The Democratic Republic of Congo is a complex, challenging country. Decades of armed conflict have left a legacy of poverty, poor governance, displacement, violence and corruption.
But while media reports focus on shocking levels of human cruelty, visitors to Africa’s second largest country are often struck by the warmth of its people, their resilience and their determination to build a better future. We see this in our work with communities every day and it is this that inspires our programme.
The DRC is an immense territory at the heart of the continent that shares borders with nine countries. Since it gained independence from Belgium in 1960, the country has experienced decades of instability, wars, coups, corruption and fierce dictatorship. Despite its abundant mineral wealth, the DRC is one of the least developed countries on earth.
The economy is growing steadily, but these positive rates have had no tangible impact on a population that is getting poorer and poorer. More than 80 per cent of the population lives on less than US$1 a day. Access to essential services is extremely limited;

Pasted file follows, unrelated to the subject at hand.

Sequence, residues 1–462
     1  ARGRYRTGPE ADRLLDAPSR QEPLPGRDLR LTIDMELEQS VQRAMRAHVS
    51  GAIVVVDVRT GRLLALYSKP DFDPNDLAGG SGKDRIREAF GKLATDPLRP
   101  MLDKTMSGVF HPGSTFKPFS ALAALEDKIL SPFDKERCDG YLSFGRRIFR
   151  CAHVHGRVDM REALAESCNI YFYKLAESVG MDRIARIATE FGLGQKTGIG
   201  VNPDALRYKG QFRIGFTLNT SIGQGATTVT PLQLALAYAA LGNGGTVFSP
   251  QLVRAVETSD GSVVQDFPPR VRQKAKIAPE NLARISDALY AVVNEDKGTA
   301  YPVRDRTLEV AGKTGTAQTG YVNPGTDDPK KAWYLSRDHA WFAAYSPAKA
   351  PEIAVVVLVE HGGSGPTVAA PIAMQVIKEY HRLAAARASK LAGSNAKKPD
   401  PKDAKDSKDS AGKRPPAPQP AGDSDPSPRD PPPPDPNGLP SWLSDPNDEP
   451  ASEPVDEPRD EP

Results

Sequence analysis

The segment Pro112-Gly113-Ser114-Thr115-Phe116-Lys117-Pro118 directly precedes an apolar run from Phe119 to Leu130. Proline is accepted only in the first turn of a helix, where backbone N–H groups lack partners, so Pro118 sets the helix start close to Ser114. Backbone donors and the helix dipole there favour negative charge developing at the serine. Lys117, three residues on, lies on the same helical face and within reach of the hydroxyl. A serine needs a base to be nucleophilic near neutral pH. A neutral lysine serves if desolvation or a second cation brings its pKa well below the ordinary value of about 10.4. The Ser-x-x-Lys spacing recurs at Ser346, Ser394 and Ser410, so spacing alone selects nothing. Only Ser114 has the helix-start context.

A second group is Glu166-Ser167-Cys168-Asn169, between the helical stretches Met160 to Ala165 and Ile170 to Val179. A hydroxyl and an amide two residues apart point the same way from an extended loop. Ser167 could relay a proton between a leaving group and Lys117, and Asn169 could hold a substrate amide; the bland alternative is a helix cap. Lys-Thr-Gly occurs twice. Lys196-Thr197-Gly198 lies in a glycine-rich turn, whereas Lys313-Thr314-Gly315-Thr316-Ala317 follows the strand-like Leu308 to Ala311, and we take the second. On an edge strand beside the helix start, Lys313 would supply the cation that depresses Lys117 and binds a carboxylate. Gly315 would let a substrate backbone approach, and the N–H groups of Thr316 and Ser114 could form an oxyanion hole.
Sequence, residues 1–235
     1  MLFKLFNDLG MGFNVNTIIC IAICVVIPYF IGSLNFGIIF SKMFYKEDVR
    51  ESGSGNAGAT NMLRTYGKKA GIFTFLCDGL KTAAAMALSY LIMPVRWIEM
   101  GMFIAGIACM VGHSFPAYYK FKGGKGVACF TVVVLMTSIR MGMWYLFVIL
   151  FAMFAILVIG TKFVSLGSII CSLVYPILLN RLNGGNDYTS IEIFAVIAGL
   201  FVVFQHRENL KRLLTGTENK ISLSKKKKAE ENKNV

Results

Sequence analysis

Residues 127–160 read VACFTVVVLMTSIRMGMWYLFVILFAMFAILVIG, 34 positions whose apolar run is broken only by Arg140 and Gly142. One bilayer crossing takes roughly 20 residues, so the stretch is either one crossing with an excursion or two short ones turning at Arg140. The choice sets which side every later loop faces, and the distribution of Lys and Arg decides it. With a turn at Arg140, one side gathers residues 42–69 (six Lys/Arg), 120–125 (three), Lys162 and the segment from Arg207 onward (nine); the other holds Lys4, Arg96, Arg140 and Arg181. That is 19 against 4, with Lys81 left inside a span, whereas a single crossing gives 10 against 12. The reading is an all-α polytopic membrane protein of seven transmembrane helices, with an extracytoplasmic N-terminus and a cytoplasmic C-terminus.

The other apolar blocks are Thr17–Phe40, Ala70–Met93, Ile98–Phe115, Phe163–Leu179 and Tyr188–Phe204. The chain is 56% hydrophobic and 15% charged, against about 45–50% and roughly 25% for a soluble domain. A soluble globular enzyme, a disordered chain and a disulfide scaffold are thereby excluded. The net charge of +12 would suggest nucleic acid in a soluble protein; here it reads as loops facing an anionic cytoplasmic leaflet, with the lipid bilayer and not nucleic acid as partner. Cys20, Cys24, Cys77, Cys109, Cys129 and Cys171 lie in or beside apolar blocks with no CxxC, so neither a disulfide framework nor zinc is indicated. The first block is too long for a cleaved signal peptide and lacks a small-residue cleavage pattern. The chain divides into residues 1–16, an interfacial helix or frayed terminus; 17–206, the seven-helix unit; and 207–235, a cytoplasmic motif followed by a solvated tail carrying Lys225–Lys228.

only 22 per cent of Congolese have access to drinking water and just one in 10 households use electricity. Unemployment is high, at 32 per cent.
The DRC has a poor record on human rights and security remains a major problem, particularly in the east of the country where people live under the constant threat of violence and economic exploitation from armed groups despite numerous peace efforts. This problem is compounded by the army, which has been accused of being responsible for many abuses, rather than protecting citizens. Sexual violence is widespread in the east. The lack
of security in the east has led to massive population displacement, both internally and externally.
Communities in the eastern part of the country are divided and live in constant fear of fighting and human rights abuses. As a result of endemic violence, they no longer trust their own neighbours and have lost faith in national and international institutions.